In some implementations control programmability resides, as described above, in a driver controller which can be located in several places in the electronic display system. In some cases control programmability resides in the array driver 22. Those of skill in the art will recognize that the above-described optimization may be implemented in any number of hardware and/or software components and in various configurations.

The details of the structure of interferometric modulators that operate in accordance with the principles set forth above may vary widely. For example, FIGS. 7A-7E illustrate five different embodiments of the movable reflective layer 14 and its supporting structures. FIG. 7A is a cross section of the embodiment of FIG. 1, where a strip of metal material 14 is deposited on orthogonally extending supports 18. In FIG. 7B, the moveable reflective layer 14 is attached to supports at the corners only, on tethers 32. In FIG. 7C, the moveable reflective layer 14 is suspended from a deformable layer 34, which may comprise a flexible metal. The deformable layer 34 connects, directly or indirectly, to the substrate 20 around the perimeter of the deformable layer 34. These connections are herein referred to as support posts. The embodiment illustrated in FIG. 7D has support post plugs 42 upon which the deformable layer 34 rests. The movable reflective layer 14 remains suspended over the cavity, as in FIGS. 7A-7C, but the deformable layer 34 does not form the support posts by filling holes between the deformable layer 34 and the optical stack 16. Rather, the support posts are formed of a planarization material, which is used to form support post plugs 42. The embodiment illustrated in FIG. 7E is based on the embodiment shown in FIG. 7D, but may also be adapted to work with any of the embodiments illustrated in FIGS. 7A-7C as well as additional embodiments not shown. In the embodiment shown in FIG. 7E, an extra layer of metal or other conductive material has been used to form a bus structure 44. This allows signal routing along the back of the interferometric modulators, eliminating a number of electrodes that may otherwise have had to be formed on the substrate 20.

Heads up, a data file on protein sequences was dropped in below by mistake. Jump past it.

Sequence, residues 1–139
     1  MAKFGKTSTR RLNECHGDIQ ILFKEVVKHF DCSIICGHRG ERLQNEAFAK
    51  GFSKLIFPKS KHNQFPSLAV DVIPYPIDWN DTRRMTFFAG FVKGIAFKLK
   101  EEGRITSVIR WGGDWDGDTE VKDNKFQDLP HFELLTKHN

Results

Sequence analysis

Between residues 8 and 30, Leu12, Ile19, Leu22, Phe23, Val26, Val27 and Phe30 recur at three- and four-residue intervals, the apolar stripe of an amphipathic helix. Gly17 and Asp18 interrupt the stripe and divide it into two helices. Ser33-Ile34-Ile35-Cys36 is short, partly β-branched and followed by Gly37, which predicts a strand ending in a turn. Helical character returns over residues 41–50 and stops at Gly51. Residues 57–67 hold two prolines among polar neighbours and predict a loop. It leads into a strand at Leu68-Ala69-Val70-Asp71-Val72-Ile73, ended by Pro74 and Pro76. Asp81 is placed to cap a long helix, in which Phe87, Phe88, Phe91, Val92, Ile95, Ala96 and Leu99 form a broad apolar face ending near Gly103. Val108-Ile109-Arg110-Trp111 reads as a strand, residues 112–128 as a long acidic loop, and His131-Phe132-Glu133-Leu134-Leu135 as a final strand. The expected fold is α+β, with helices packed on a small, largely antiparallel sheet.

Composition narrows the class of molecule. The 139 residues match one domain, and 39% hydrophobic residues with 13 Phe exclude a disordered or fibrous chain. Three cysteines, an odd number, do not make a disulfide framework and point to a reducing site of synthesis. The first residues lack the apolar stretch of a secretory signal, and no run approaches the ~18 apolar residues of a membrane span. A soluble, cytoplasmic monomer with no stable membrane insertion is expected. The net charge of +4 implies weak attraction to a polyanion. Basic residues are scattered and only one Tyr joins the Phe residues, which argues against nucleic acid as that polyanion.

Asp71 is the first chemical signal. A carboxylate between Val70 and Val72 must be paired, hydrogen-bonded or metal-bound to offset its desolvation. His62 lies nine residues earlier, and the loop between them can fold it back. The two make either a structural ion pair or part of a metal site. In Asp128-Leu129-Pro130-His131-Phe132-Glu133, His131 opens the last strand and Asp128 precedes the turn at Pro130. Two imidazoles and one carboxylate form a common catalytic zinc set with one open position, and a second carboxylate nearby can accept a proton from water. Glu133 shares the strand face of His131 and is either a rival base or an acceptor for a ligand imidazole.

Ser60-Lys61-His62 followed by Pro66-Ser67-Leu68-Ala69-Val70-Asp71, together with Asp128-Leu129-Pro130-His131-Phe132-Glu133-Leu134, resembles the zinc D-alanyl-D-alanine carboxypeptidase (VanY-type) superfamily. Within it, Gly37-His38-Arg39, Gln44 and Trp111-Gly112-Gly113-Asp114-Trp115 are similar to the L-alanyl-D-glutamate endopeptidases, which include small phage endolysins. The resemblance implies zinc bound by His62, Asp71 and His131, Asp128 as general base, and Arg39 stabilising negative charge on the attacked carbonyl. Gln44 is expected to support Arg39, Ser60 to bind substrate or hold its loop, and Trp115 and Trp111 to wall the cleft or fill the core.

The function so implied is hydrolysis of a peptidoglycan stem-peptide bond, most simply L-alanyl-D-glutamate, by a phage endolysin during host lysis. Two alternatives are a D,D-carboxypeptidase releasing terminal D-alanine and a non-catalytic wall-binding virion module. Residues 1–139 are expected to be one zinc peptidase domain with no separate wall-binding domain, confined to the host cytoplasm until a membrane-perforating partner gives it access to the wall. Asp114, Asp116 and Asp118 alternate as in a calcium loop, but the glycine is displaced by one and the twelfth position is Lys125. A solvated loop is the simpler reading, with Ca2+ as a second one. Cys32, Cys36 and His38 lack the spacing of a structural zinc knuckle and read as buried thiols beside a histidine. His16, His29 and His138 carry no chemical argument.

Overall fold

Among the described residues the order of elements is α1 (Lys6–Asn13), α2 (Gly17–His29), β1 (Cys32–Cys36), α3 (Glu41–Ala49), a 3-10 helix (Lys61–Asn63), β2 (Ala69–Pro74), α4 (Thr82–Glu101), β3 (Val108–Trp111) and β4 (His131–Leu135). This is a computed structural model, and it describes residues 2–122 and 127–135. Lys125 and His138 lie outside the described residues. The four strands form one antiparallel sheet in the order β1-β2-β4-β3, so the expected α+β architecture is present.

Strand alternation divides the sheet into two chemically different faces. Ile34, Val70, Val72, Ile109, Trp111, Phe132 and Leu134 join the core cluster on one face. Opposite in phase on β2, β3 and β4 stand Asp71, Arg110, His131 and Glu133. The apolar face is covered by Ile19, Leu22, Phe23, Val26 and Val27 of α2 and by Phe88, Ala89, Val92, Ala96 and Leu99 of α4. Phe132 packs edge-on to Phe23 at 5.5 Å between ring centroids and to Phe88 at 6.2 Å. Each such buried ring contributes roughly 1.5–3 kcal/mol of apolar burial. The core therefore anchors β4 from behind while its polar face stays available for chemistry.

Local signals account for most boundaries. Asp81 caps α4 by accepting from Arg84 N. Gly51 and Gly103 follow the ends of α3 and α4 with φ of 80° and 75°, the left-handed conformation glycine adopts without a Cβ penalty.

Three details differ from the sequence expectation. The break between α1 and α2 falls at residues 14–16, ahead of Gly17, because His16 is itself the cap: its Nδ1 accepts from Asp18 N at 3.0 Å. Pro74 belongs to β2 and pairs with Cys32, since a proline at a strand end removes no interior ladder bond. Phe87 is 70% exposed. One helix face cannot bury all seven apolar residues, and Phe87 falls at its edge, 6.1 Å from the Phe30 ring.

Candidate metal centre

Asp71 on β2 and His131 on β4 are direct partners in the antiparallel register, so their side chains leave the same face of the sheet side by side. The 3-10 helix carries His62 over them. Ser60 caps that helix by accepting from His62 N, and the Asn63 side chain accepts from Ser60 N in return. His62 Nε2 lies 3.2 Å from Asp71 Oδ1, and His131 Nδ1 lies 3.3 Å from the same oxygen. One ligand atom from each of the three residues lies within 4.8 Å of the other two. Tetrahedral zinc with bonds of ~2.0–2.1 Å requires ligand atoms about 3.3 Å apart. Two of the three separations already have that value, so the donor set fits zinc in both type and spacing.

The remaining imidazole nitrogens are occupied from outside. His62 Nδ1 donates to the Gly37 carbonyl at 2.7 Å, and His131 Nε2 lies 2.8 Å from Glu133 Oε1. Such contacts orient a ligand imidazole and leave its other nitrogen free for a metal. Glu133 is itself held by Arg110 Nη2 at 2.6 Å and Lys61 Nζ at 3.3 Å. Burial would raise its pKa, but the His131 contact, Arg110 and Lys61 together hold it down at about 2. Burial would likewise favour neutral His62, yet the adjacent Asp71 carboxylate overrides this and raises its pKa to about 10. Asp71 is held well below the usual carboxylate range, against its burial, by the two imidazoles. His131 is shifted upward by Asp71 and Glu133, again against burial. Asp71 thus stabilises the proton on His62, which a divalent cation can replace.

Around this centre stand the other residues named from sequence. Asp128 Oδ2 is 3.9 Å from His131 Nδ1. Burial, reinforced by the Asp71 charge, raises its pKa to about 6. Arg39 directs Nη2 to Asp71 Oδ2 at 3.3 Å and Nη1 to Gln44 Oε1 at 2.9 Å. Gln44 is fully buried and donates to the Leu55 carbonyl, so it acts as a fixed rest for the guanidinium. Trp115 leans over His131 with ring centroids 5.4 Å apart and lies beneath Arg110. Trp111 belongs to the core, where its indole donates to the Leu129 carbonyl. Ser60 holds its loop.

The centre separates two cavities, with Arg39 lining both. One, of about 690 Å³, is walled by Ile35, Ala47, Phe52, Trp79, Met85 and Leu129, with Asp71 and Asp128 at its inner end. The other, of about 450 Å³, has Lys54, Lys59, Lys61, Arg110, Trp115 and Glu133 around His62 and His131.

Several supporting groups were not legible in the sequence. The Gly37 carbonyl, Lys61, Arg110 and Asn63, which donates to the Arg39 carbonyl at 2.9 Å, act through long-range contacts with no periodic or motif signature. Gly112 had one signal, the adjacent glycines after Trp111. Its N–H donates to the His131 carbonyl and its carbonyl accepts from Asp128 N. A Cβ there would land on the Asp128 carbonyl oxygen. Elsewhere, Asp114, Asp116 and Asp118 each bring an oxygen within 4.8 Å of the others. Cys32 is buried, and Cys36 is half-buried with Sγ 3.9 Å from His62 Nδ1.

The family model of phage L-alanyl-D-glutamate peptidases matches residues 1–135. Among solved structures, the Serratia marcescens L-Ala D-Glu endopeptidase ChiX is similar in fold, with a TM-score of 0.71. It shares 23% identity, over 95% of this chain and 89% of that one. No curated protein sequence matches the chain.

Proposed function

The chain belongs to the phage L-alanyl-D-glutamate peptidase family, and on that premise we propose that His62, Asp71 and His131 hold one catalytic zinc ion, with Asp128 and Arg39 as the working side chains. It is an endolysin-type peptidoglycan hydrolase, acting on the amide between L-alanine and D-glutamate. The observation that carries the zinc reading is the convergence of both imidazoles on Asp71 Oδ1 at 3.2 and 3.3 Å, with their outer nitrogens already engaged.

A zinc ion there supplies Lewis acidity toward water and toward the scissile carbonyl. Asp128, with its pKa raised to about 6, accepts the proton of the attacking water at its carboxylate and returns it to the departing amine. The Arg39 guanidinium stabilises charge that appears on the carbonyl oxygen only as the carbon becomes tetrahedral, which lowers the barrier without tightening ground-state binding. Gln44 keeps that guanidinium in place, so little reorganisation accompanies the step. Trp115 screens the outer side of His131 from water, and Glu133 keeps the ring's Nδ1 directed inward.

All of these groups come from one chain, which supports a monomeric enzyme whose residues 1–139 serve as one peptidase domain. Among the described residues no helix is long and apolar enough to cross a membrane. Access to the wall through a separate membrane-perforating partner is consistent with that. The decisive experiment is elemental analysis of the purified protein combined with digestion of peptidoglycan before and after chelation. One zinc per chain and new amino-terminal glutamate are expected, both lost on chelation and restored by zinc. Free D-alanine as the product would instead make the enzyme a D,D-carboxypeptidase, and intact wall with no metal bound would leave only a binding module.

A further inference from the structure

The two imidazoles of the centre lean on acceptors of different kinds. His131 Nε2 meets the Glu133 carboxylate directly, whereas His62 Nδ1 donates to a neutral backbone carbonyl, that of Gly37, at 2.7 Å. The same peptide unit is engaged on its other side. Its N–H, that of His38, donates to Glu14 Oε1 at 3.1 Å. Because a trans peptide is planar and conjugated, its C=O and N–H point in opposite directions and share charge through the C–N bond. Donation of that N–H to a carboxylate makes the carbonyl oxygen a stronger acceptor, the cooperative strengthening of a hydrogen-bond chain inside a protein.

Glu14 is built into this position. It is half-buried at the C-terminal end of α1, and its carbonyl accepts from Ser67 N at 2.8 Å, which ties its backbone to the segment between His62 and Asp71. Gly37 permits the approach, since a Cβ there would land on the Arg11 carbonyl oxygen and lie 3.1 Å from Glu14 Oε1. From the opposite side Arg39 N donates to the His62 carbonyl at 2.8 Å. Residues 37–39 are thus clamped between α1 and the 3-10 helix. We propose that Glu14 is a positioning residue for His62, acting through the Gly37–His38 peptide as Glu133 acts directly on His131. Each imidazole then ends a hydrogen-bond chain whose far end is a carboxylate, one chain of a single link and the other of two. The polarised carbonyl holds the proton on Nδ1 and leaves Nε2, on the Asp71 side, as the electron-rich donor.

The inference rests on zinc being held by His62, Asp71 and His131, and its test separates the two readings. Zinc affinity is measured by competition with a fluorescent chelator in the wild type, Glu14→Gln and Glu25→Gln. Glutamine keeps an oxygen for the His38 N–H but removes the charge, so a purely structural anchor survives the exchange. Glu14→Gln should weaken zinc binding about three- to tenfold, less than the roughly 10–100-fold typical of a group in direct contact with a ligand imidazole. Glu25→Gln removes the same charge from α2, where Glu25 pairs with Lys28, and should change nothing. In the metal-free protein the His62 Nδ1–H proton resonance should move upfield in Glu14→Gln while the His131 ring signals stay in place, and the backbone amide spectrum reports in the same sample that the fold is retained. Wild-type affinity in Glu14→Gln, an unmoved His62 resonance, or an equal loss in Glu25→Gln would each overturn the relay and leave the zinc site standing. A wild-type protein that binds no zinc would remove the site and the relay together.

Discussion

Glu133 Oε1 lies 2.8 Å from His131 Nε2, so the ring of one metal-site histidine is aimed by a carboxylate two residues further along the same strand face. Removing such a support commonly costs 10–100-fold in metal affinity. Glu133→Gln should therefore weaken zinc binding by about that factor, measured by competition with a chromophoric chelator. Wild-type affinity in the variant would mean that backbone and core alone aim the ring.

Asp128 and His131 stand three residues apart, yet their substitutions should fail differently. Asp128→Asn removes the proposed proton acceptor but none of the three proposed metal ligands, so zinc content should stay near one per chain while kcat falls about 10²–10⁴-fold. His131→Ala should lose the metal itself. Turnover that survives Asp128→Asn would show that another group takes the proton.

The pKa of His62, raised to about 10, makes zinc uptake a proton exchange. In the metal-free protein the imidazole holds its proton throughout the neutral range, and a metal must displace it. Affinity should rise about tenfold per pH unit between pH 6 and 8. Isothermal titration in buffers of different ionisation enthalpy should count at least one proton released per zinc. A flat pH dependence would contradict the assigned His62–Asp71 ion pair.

In embodiments such as those shown in FIG. 7, the interferometric modulators function as direct-view devices, in which images are viewed from the front side of the transparent substrate 20, the side opposite to that upon which the modulator is arranged. In these embodiments, the reflective layer 14 optically shields the portions of the interferometric modulator on the side of the reflective layer opposite the substrate 20, including the deformable layer 34. This allows the shielded areas to be configured and operated upon without negatively affecting the image quality. Such shielding allows the bus structure 44 in FIG. 7E, which provides the ability to separate the optical properties of the modulator from the electromechanical properties of the modulator, such as addressing and the movements that result from that addressing. This separable modulator architecture allows the structural design and materials used for the electromechanical aspects and the optical aspects of the modulator to be selected and to function independently of each other. Moreover, the embodiments shown in FIGS. 7C-7E have additional benefits deriving from the decoupling of the optical properties of the reflective layer 14 from its mechanical properties, which are carried out by the deformable layer 34. This allows the structural design and materials used for the reflective layer 14 to be optimized with respect to the optical properties, and the structural design and materials used for the deformable layer 34 to be optimized with respect to desired mechanical properties.